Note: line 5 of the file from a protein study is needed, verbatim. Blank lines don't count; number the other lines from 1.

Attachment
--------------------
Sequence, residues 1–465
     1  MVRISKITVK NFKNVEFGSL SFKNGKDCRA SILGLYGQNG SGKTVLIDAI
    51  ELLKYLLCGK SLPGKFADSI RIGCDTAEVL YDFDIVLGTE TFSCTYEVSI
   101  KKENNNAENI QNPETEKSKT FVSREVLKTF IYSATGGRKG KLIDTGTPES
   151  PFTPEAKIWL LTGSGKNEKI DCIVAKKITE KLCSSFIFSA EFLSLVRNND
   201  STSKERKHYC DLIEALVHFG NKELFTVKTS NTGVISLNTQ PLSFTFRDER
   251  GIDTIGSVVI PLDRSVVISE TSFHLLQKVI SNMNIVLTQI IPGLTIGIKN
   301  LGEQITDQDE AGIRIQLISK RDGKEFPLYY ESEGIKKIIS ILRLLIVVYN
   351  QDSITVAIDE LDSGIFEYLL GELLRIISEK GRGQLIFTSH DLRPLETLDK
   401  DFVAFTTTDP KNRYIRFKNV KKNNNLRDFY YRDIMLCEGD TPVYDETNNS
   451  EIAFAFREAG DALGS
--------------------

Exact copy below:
   151  PFTPEAKIWL LTGSGKNEKI DCIVAKKITE KLCSSFIFSA EFLSLVRNND